Leading Asia experts lament that the process was reduced to a political negotiation at the very end of the Bush administration, when then North Korea negotiator Chris Hill agreed to delist Pyongyang in exchange for North Korean promises to keep alive the Six Party Talks on their nuclear program. Those promises have gone largely unfulfilled.
When the delisting actually happened in October 2008, the State Department stated that North Korea "had not provided any support for international terrorism during the preceding six-month period and the provision by the government of assurances that it will not support acts of international terrorism in the future."
Many Asia experts support putting North Korea back on the list, but they don't see the Cheonan sinking as a justification for doing it.
"I actually think it makes perfect sense to relist North Korea; it just has nothing to do with the Cheonan incident," said L. Gordon Flake, executive director of the Mansfield Foundation, a northeast Asia focused think tank. "The incident just provides an opportunity to reevaluate the politically driven decision to delist them in the first place."
That decision was meant to cement progress made by the Bush administration as represented by a September 2005 declaration whereby North Korea promised to abandon all nuclear weapons programs and a February 2007 agreement on implementation. Japan was so upset, based on their domestic imperative to keep the abductee issue alive, that then Prime Minister Taro Aso reportedly called Bush that morning to beg him not to do it.
But after being delisted, Pyongyang just waited out the Bush administration and then started a series of provocative actions that eventually led to the Obama administration basically abandoning attempts to engage North Korea altogether.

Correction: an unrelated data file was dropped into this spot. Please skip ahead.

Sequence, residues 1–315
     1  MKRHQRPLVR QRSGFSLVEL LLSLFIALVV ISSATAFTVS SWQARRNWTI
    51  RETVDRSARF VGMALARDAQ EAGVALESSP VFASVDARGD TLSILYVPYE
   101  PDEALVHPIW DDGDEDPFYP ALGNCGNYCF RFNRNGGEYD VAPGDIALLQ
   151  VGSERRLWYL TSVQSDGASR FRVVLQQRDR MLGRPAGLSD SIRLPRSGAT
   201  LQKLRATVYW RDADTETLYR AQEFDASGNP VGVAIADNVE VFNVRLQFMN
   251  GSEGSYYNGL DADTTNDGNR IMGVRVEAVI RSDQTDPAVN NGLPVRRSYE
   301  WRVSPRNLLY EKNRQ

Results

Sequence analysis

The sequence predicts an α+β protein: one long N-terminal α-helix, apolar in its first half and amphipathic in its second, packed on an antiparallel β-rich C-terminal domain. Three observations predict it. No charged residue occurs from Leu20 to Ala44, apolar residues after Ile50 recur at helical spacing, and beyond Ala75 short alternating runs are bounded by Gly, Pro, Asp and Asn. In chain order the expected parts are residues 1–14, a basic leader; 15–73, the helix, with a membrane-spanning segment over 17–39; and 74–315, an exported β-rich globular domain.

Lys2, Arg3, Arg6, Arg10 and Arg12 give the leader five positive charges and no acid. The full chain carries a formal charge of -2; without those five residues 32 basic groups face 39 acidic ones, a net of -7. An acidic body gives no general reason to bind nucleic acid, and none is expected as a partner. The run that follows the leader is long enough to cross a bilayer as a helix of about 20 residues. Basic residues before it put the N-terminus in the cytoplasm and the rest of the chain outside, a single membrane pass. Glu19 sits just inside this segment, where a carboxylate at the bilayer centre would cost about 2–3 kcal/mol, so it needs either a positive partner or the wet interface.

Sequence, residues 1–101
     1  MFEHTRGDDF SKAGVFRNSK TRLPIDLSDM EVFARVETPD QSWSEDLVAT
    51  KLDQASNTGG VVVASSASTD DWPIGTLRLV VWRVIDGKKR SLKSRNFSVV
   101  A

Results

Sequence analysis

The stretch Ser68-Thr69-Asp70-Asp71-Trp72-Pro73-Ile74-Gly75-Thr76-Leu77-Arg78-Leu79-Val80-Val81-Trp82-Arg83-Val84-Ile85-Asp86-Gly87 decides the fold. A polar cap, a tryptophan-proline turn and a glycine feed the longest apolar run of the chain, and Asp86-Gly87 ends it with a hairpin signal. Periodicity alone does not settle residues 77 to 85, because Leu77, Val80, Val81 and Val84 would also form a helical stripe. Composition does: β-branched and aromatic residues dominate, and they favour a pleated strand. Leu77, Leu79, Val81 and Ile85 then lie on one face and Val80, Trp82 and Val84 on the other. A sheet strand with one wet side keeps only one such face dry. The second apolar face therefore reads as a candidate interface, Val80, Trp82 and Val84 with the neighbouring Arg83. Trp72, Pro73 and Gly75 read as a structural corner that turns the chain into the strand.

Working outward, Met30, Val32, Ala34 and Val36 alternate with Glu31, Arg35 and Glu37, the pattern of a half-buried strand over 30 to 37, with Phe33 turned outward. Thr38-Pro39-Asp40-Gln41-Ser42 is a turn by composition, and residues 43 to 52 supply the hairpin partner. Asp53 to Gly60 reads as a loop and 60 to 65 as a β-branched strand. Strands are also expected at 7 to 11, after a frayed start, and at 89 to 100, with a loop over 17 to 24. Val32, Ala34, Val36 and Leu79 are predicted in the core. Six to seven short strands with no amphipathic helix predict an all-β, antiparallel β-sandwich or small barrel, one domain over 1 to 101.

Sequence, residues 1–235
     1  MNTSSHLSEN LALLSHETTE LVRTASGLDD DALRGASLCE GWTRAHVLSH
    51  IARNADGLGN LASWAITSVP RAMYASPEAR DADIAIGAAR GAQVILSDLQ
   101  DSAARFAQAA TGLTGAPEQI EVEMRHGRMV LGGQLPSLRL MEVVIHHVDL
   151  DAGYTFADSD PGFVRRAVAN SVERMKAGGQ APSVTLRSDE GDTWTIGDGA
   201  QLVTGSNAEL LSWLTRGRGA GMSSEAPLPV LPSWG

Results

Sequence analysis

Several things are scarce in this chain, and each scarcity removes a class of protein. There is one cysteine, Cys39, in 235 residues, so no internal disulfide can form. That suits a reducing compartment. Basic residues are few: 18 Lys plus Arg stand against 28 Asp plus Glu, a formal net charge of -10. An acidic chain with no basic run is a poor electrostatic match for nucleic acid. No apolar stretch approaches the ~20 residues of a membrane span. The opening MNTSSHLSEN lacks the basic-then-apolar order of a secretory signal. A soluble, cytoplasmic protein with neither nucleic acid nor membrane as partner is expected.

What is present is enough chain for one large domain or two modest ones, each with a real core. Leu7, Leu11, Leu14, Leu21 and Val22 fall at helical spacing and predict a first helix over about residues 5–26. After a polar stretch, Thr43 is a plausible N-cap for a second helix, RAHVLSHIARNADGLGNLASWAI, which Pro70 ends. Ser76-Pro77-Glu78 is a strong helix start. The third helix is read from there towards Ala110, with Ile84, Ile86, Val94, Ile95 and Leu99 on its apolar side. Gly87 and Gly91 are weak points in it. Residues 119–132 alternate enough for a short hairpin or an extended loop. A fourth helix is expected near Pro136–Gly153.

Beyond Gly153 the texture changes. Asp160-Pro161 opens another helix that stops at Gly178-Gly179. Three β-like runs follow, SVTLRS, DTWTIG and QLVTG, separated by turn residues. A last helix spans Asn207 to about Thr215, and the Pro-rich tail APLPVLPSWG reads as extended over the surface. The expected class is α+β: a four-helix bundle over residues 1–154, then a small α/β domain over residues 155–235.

That's not to say there aren't arguments to be made that North Korea is indeed still currently a state sponsor of terror. For example, Israeli Foreign Minister Avigdor Lieberman accused Pyongyang this month of funneling weapons to Hezbollah and Hamas through Burma, an allegation that has not been confirmed by the U.S. side.
But the Obama administration isn't making those arguments. That job is left to congressmen such as Gary Ackerman, D-NY, and Sam Brownback, R-KS. "Through the sales of ballistic missiles, artillery rockets and conventional arms to Hamas and Hezbollah, State Department-designated foreign terrorist organizations, Pyongyang is fueling two additional potentially disastrous confrontations," Ackerman said.
Overall, the making of the listing into a political football is exactly the reason that the Obama administration doesn't want to wade into those waters again.
"They saw the way this was handled in the Bush administration and they don't want to go there," said Flake. "It's a lot easier to do then to undo. This is a tool that should not be overly politicized, if we want to put more sanctions on North Korea, we can."
Did President Obama give Brazil and Turkey the nod to pursue their recent 11th-hour fuel-swap deal with Iran?
That's what Turkish Foreign Minister Ahmet Davutoglu claimed in a Wednesday press conference in Istanbul, appearing to contradict clear signals that the Obama administration didn't look favorably on the agreement.
"[Obama] paved the way for this process," Davutoglu said, claiming that Obama had personally encouraged Turkey's Prime Minister Recep Tayyip Erdogan and Brazil's President Luiz Inácio Lula da Silva to pursue dialogue with Tehran when the three leaders met at last month's nuclear security summit in Washington.
It's true that Obama "encouraged" Turkey and Brazil to hold discussions with Iran, a White House official tells The Cable, but he never indicated that a deal like the one announced this week would be sufficient to alleviate international concerns or stave off sanctions.
Nor did Secretary of State Hillary Clinton, who spoke with Davutoglu by last Friday, give the talks an unqualified thumbs up. "During the call, the secretary stressed that in our view, Iran's recent diplomacy was an attempt to stop Security Council action without actually taking steps to address international concerns about its nuclear program," State Department spokesman P.J. Crowley said.